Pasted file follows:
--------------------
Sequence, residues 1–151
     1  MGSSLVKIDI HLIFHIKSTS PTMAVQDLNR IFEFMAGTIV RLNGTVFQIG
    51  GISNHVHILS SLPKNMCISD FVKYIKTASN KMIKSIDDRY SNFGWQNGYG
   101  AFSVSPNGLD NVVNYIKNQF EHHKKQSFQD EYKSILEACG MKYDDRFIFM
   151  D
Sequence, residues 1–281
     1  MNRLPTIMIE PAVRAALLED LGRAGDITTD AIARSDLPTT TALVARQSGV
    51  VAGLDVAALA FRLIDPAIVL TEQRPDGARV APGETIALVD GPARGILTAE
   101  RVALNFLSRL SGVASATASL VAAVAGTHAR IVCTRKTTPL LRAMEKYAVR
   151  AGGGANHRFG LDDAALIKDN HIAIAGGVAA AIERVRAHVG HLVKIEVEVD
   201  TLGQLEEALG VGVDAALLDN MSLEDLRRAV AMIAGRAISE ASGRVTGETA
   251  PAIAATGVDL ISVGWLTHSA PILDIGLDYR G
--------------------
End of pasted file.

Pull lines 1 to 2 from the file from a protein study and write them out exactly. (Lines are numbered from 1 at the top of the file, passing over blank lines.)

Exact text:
Sequence, residues 1–151
     1  MGSSLVKIDI HLIFHIKSTS PTMAVQDLNR IFEFMAGTIV RLNGTVFQIG